New project to deepen understanding of African impact in the UN Security Council
While most of the United Nations Security Council (UNSC) agenda involves Africa, African states have limited influence over the Security Council’s decisions. A new NAI research project, focusing on African and Nordic non-permanent UNSC member states, aims to provide knowledge to support more effective and inclusive UNSC work on Africa.
The UNSC’s preoccupation with Africa is evident across the multilateral institution’s repertoire. In 2019, an estimated 64 percent of Security Council conflict situations and 53 percent of UN peacekeeping operations were on the African continent, according to NAI researcher Angela Muvumba Sellström’s review of UN annual reports.
African power in the Security Council, however, is limited. The imbalance can partly be explained by the UNSC’s organisational model, which mirrors the geopolitical situation at the end of World War II when the United Nations was founded. The Security Council’s five permanent members (P5) are made up of the victorious WW II allies – the United States, United Kingdom, France, Russia (then the Soviet Union), and China. They exercise tremendous influence in Africa, some in part due to their former colonial ties, but all because of their trade, aid and military relations on the continent, according to Muvumba Sellström.
Often, observers comment on Africa’s limited authority on the Security Council, since no African state has permanent membership. And given the power of the P5 inside and outside the Security Council, African member states’ direct power is tenuous, according to Muvumba Sellström, who is running a research project aimed at deepening understanding of UNSC decision processes that concern Africa.
By illustration, she considers the differences between the United Kingdom and Kenya. Even if the two countries hypothetically were given the same formal role and power in the UNSC, and if their economic resources were levelled, the UK would still be the more influential of the two, due to the institutional capacity and knowledge the British foreign ministry and its permanent representation in New York has built up for decades.
“Those are the sorts of things that are interesting to me”, she says.
Previous studies on the UNSC and Africa have typically focused on the permanent five, or the relationship between the African Union and the Security Council. Muvumba Sellström aims to conduct a case-by-case review of the performance of six non-permanent UNSC members – four African and two Nordic – in terms of their impact on peace and security in Africa.
“This is a new frontier of research. Most existing research on the UNSC has looked at the permanent five, or the Security Council as a whole and resolutions and outcomes for particular conflict situations. Instead, we want to put the elected members of the Security Council (the E10) at the centre and understand whether and if so how Kenya, for example, was really able to gain support for a perspective that came from the ground, from Africa, on a conflict matter.”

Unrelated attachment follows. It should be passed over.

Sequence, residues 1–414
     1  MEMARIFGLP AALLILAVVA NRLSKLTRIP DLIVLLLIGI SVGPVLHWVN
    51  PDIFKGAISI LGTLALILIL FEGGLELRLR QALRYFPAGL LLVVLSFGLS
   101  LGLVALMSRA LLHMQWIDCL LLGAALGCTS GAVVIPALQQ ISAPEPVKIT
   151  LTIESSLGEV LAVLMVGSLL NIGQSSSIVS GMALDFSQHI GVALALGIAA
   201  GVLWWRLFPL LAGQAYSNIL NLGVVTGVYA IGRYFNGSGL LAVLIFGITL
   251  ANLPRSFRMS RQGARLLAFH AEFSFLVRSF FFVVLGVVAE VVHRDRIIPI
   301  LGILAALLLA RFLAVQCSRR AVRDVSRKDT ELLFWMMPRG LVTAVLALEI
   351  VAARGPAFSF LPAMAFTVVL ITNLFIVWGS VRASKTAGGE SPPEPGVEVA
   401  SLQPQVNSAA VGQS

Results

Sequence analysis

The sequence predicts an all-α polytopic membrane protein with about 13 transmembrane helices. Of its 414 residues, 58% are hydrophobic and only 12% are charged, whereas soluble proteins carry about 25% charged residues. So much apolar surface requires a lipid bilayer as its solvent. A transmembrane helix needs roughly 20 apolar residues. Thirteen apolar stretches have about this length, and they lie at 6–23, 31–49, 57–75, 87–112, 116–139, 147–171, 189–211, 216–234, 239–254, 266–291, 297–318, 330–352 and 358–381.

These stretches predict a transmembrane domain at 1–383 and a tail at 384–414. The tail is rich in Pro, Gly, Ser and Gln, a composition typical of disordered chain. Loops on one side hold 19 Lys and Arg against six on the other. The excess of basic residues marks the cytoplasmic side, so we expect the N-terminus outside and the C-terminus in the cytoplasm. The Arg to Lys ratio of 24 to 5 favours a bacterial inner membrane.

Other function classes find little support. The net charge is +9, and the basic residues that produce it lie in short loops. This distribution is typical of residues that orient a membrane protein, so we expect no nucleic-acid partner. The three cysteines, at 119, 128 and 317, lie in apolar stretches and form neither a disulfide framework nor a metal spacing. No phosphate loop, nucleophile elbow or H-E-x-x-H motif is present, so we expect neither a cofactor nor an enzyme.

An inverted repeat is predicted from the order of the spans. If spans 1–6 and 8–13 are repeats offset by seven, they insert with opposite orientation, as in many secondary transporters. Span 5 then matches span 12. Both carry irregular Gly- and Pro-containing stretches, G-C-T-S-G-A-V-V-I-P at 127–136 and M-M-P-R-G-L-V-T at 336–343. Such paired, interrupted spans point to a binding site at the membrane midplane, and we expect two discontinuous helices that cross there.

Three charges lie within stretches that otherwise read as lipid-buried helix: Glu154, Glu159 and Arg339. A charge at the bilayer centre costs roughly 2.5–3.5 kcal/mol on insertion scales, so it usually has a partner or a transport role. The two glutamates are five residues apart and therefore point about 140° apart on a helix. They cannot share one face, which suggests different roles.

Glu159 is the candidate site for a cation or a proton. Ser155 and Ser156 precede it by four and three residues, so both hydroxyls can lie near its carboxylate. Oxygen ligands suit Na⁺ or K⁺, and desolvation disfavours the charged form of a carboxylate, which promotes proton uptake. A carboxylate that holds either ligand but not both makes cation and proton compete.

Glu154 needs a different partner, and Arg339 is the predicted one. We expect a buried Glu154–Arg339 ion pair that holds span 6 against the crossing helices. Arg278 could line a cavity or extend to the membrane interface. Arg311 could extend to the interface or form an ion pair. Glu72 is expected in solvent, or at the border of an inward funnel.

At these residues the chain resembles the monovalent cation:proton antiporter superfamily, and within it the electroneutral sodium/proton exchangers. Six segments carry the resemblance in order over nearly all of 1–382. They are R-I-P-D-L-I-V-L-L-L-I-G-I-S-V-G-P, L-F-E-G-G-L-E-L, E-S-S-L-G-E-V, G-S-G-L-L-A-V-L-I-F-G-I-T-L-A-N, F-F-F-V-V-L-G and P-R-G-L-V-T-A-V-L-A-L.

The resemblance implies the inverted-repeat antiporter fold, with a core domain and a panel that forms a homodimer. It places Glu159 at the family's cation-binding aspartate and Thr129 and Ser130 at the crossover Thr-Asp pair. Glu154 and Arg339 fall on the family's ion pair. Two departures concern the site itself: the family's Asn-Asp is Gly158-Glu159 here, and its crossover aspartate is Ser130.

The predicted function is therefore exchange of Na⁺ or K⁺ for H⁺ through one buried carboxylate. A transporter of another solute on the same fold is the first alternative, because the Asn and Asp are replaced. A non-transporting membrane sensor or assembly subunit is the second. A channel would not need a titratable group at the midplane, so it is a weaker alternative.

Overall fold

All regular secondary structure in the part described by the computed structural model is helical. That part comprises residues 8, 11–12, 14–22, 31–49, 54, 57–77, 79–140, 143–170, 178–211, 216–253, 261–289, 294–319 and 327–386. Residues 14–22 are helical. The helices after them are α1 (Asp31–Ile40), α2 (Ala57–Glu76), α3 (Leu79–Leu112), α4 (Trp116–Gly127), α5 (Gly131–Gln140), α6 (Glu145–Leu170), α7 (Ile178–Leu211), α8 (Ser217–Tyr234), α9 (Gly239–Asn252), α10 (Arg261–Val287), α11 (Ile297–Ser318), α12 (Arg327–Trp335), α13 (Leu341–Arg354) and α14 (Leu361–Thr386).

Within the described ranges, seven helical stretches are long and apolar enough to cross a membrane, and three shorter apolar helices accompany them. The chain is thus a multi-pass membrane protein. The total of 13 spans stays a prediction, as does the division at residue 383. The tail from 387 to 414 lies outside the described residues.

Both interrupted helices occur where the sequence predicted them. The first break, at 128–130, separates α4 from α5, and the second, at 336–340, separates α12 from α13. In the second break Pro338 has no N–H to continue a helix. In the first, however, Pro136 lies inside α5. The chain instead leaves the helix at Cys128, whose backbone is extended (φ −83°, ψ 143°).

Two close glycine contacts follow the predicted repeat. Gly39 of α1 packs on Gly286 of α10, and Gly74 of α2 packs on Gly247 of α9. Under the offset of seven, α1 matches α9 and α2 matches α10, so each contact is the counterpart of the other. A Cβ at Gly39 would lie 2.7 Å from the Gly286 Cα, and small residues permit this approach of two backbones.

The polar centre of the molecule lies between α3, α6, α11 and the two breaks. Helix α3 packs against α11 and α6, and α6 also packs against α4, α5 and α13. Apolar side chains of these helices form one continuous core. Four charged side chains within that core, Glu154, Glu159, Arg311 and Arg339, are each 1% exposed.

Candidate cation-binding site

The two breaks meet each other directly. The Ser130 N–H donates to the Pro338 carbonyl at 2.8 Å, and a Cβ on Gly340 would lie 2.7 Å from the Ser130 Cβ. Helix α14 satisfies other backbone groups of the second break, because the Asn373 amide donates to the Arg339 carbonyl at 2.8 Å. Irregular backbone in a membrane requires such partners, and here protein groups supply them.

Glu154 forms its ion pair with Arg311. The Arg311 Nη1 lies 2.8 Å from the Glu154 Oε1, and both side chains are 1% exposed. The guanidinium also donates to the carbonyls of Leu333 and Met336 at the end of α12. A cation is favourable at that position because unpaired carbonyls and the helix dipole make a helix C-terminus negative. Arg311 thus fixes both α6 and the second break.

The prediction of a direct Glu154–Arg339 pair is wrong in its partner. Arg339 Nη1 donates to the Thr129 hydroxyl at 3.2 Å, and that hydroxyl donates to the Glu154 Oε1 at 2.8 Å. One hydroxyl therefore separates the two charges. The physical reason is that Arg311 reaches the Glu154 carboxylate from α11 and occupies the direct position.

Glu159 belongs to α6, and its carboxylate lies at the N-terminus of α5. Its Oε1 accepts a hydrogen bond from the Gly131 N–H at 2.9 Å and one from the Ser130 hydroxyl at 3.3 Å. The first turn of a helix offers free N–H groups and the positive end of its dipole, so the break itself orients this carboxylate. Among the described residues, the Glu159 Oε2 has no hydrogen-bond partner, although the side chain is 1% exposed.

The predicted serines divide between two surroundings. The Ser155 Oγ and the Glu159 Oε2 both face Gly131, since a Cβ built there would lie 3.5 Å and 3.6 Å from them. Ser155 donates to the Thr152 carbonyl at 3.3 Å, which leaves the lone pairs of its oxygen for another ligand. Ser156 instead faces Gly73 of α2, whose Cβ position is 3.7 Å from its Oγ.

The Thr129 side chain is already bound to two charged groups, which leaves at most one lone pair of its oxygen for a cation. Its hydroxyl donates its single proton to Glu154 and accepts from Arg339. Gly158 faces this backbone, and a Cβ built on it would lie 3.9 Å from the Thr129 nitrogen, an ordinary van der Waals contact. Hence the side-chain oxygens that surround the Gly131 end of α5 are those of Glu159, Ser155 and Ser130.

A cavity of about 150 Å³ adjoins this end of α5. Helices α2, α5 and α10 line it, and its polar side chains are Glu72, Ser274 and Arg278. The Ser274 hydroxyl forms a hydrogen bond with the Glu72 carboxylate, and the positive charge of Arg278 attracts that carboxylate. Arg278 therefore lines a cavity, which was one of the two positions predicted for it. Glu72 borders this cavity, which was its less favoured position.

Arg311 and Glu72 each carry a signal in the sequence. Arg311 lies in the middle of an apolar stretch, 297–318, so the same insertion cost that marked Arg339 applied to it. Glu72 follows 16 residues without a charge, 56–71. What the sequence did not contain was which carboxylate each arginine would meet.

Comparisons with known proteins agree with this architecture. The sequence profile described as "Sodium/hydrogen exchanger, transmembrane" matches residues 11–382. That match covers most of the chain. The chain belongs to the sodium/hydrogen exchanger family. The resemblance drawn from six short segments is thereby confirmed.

The inclusion of Nordic countries in the study has to do with their vested interest in a more effective and inclusive multilateral system with a UN that is capable of building and maintaining peace, according to Muvumba Sellström. The Nordic countries are ‘believers’ in the UN, who frame the UN as a core institution for their own foreign policy objectives and national interests, she says.
“Nordic countries have collaborated with African countries, in the decolonisation process and anti-apartheid movement. They have also seen themselves as being outside the dynamic of the powerful Western powers, UK, US, France on one side, and Russia and China on the other”, Muvumba Sellström says.
As elected UNSC members the Nordic countries have also, like the African countries, called for a more equal distribution of work in the Security Council, for example in the case of the important ‘penholder’ duty, to lead informal and formal negotiations about a particular situation before the Council and to draft resolutions, which mostly is performed by France, UK, or the US.
However, Muvumba Sellström stresses that her project does not address the question of reform of the UNSC organisation.
“I take it as a starting point that the Security Council is not necessarily going to be reformed for many years, and even when it is, it may not lead to the addition of an African permanent member.”
Instead, she says, her project aims at providing knowledge to support more effective and inclusive UNSC work on Africa.
TEXT: Mattias Sköld
The project: Africa & the UN Security Council: Navigating the Inequality in Multilateral Conflict Prevention and Resolution?
Reviews the two-year terms of six non-permanent UNSC members: Sweden (2017-2018), South Africa (2019-2020), Niger (2020-2021), Tunisia (2020-2021), Kenya (2021-2022), and Norway (2021-2022), based on interviews, official UN and government records, as well other reports.
Project leader: Angela Muvumba Sellström.
Advisory Group: Prof Peter Wallensteen, Uppsala University, Dr Martha Mutisi, Senior Programme Officer with the International Development Research Centre’s Governance and Justice Programme, Prof Siphamandla Zondi, University of Johannesburg, Annika Söder, Special Representative of the OSCE Chairperson-in-Office for the South Caucasus and State Secretary for Foreign Affairs of Sweden from 2014 to 2019.